Another example of an apparent contradiction involves prophecies concerning death. According to some prophecies, there is death in a future kingdom (Isa. 65:20, “He who dies at 100 will be thought a mere youth”) while other prophecies indicate there will be no death (Rev. 21:4, “There will be no more death”). One key to resolving the apparent contradiction is knowing that “death” and “Hades” (the grave) are destroyed after the Millennial (Messianic) Kingdom ends and shortly before the Everlasting Kingdom begins (Rev. 20:14). Another key to resolving the apparent contradiction is determining who is present in each kingdom.
The Millennial Kingdom will be populated by three “groups” of people: a) Christians who were transformed and made immortal at the Rapture; b) believers who were resurrected and made immortal during the First Resurrection, and c) believers who survive the Tribulation and are allowed to enter the kingdom because they are judged righteous. The last “group” will enter the kingdom as mortals and will, therefore, eventually die. Furthermore, they will have children who, like all mortals, will be subject to death. In contrast, the Everlasting Kingdom will be populated only by immortals, namely: a) those who were already immortals during the Millennial Kingdom; b) believers brought back to life and transformed into immortals during the Second Resurrection, which occurs at the conclusion of the Millennial Kingdom; and c) mortal believers who are alive at the beginning of the Everlasting Kingdom who are judged righteous and who will be transformed into immortals.  Therefore, because mortals will be present in the Millennial Kingdom, there will be death, but because only immortals will be present in the Everlasting Kingdom, there will be no death.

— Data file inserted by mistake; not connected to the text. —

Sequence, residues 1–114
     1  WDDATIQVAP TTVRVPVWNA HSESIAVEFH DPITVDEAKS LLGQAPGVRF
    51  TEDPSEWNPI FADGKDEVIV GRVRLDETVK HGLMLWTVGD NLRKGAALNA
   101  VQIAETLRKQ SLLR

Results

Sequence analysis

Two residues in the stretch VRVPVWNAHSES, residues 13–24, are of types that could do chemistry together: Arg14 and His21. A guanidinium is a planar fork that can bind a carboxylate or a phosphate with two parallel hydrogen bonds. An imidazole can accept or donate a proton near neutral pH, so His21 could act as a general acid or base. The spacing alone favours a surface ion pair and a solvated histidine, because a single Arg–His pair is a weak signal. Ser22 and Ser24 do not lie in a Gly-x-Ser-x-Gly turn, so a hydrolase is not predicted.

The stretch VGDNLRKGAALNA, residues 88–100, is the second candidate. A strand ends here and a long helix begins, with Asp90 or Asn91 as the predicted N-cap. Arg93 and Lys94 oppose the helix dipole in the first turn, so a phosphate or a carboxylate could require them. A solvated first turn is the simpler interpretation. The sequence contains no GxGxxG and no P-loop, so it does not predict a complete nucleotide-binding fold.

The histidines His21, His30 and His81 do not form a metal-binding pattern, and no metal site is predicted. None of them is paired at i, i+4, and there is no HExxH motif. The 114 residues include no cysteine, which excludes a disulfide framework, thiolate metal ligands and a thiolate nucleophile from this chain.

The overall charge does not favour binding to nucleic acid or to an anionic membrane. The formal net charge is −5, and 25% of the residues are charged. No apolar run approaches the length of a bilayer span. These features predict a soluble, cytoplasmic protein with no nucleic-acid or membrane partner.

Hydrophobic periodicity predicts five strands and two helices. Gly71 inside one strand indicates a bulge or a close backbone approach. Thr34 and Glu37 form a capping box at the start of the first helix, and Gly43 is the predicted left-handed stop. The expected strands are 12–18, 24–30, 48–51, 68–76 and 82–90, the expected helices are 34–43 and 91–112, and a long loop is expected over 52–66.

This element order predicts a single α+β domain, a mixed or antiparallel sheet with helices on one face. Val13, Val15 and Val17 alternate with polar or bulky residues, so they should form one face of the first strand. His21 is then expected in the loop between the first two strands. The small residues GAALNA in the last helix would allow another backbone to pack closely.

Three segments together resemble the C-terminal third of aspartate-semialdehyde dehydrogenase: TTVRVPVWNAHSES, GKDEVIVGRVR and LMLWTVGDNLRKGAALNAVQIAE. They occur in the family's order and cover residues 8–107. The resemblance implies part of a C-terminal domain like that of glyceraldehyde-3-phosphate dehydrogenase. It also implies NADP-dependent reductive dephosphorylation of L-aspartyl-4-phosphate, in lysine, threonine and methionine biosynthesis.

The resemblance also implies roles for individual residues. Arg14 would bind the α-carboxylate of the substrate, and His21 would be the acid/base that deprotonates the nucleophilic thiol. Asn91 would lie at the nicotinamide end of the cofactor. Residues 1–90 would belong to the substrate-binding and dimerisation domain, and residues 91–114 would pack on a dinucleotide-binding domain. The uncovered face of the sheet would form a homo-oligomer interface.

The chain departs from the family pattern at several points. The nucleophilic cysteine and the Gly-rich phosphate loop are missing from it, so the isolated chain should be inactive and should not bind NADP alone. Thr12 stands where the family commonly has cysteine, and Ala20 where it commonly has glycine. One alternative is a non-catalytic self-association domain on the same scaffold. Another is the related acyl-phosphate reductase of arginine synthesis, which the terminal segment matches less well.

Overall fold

For a depiction of these two kingdoms chronologically on a chart, see Appendix A.
 The Battle of Armageddon ends the reign of the Antichrist and the Tribulation period. The details of the book of Revelation, such as the seals, trumpets, vials, and the reign and identity of the Antichrist, are outside the scope of this book and so will not be covered. A wonderful source for this information is Bullinger, op. cit., Commentary on Revelation.
 It is sometimes taught that the Battle of Armageddon is the “final battle,” but this is not the case, as a reading of Revelation 19 and 20 will show. Revelation 19:11–21 says that Christ and his armies come down from heaven and fight the beast, the false prophet, the kings of the earth, and their armies. That is the Battle of Armageddon. Then, in Chapter 20, Christ sets up his kingdom for 1,000 years, at the end of which there is another war, the final war in the Bible. It is brief—fire comes from heaven and destroys Christ’s enemies. There is no record of either Christ or Christians fighting in this final battle. See Appendix A, events 8 and 12.
 The Bible does not specifically mention this group. However, it must be the case. There is no evidence that the Devil will deceive every natural person in the Millennial Kingdom. He has never been able to do that. Even during the Tribulation there are people from both Israel and the nations who are saved. Thus there will be “natural people” who enter the Everlasting Kingdom, just as there are natural people who enter the Millennial Kingdom. However, since death is part of the Millennial Kingdom the natural people will age and die. That will not be the case in the Everlasting Kingdom. Everyone will be immortal.